Third Party Novel Pitkin County Library Review
Review by Susan Cottle of the Pitkin County Library
Originally published in the Aspen Daily News
When 39 percent of U.S. voters identify as independents, it seems fair to say that most Americans are looking for something beyond the two-party system. So why haven’t we seen a viable third party succeed? You may find some answers to that question by reading “The Third Party” series by local author Steven Nemerovski.
Drawing from his experience as a lawyer, lobbyist and professor, Nemerovski brings an insider’s look into the world of backdoor politics while crafting the plausible trajectory of a third political party.
In Volume I, “Starting in the Middle,” we are introduced to Alex “Atlas” Stein, a self-made billionaire with no heirs who decides to take his wealth and use it to fund a new third party at the state level. His long-range goal is to create a roadmap that will stimulate and drive the same model in other states. He secretly convenes a group of his most trusted friends from across the years, all highly respected in their fields, to his home in Aspen to help him lay the groundwork for his mission.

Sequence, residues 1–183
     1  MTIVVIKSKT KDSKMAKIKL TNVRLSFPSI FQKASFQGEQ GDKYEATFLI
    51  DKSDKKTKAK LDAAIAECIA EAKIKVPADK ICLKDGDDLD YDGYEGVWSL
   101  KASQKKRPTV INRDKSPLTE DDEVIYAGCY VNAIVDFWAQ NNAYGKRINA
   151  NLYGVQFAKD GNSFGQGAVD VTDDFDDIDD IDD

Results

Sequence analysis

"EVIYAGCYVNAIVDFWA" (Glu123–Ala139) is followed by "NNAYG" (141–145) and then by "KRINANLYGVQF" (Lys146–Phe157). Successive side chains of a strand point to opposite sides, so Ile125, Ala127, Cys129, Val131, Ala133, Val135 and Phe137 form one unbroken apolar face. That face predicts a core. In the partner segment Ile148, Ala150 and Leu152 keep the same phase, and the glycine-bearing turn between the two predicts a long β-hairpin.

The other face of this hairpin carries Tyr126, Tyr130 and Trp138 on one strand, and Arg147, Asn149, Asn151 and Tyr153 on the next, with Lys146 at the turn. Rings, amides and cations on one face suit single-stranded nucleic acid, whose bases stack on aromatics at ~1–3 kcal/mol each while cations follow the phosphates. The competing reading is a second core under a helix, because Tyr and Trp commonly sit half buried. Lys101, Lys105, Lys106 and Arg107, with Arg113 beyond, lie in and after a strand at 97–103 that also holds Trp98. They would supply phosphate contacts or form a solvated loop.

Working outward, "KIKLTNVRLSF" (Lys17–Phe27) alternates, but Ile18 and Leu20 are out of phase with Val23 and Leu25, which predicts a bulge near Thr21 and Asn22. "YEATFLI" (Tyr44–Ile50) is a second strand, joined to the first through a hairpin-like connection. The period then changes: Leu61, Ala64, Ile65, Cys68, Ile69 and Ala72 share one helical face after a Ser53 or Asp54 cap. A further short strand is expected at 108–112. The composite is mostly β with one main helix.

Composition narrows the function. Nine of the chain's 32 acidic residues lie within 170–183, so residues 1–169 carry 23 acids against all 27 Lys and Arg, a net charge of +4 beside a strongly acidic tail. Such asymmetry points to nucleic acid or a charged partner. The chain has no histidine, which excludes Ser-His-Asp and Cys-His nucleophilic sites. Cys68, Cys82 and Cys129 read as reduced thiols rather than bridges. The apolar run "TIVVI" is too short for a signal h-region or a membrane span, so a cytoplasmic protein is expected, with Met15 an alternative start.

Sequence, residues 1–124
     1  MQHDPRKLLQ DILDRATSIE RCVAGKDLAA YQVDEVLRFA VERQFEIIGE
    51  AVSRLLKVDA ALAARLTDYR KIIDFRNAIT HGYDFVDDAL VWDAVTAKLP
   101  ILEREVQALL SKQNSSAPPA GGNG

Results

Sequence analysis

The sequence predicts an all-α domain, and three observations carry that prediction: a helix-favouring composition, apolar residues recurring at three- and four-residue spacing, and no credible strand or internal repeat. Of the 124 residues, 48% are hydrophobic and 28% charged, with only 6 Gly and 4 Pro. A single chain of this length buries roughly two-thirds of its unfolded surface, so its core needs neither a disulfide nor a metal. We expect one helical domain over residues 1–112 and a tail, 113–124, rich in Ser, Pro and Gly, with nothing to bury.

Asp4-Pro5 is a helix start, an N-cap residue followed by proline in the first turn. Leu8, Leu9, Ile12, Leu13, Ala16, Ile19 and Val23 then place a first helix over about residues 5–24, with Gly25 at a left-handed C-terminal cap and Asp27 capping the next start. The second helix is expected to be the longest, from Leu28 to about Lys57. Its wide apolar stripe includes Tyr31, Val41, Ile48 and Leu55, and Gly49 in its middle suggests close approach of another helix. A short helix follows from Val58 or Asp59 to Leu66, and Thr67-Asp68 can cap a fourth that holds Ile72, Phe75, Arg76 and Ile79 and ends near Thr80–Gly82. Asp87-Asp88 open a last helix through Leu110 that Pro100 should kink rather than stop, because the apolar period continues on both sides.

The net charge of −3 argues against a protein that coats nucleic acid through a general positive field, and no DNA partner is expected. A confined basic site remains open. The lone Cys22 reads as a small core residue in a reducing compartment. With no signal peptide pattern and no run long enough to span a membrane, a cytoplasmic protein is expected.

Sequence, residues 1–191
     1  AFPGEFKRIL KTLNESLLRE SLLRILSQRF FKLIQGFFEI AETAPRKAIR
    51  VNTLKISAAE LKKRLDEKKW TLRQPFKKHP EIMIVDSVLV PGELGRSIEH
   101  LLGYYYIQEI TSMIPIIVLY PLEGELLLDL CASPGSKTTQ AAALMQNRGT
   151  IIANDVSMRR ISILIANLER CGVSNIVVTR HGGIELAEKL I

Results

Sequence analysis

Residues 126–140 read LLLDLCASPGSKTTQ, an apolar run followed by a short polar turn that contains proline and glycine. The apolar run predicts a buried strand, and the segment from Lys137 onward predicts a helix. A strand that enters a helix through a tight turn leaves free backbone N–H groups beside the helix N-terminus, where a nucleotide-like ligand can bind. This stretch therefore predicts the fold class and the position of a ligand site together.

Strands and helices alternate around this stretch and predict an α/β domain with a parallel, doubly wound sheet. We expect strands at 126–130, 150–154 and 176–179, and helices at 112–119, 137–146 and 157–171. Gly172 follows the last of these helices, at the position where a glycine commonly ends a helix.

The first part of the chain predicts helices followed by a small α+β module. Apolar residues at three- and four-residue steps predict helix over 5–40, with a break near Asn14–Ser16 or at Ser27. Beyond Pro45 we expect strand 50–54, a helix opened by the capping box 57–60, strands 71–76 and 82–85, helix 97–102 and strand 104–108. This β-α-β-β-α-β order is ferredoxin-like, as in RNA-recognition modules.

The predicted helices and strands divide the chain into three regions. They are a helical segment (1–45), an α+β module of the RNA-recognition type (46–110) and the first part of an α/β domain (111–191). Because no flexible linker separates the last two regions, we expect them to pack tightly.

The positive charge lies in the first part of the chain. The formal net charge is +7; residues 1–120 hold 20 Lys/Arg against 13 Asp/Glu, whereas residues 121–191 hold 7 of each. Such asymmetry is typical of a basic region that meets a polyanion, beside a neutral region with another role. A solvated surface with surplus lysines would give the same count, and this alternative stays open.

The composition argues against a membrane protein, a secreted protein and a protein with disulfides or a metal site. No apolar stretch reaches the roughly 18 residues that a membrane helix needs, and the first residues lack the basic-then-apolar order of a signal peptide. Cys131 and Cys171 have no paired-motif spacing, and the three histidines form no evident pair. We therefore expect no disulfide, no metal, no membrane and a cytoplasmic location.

The team quickly gets to work, identifying Illinois as ground zero due to its rampant nepotism, corruption, pay-to-play politics and fiscal irresponsibility. There, they assume, voters would be more likely to take a chance on a new party. And by initially aiming “down ballot,” with house and senate seats, they predict their fledgling party will gain the foothold needed to go after more powerful political positions.
The book follows the E Party (standing for education, ethics and economy) from conception through two election cycles. Partly epistolary, the events are at times revealed through memos, emails and a political email newsletter called “The Back Bench,” written by a cheeky ex-Chicago Tribune reporter turned political pundit. The characters are well drawn and varied, from Eddie Cobb, “scumbag millionaire” chairman of the National Democratic Committee, who specializes in financial and patronage shakedowns, to the beautiful Nancy Rae Mitchell, political assassin/lobbyist extraordinaire. The book is both a fastpaced political thriller and a handbook that provides the reader an education on the inner workings of the U.S. political and legislative system. And the references to places in the Roaring Fork Valley are fun to come across.
In “The Third Party” Volume II, “Strange Bedfellows,” the E Party returns to fight for its survival against the system where Ds and Rs focus more on getting elected at all costs than on governing to meet their constituency’s needs. The story continues to shed light on the legislative process and how policy goals take a back seat to political dynasties.
These books reveal the hard truth about how the odds are stacked against a third party, even though the two-party system isn’t mandated in our Constitution. But they also offer hope that one day, if the right person with the right message and the right team came along at the right time, the two-party system might finally come to an end. — Susan Cottle PITKIN COUNTY LIBRARY STAFF PICK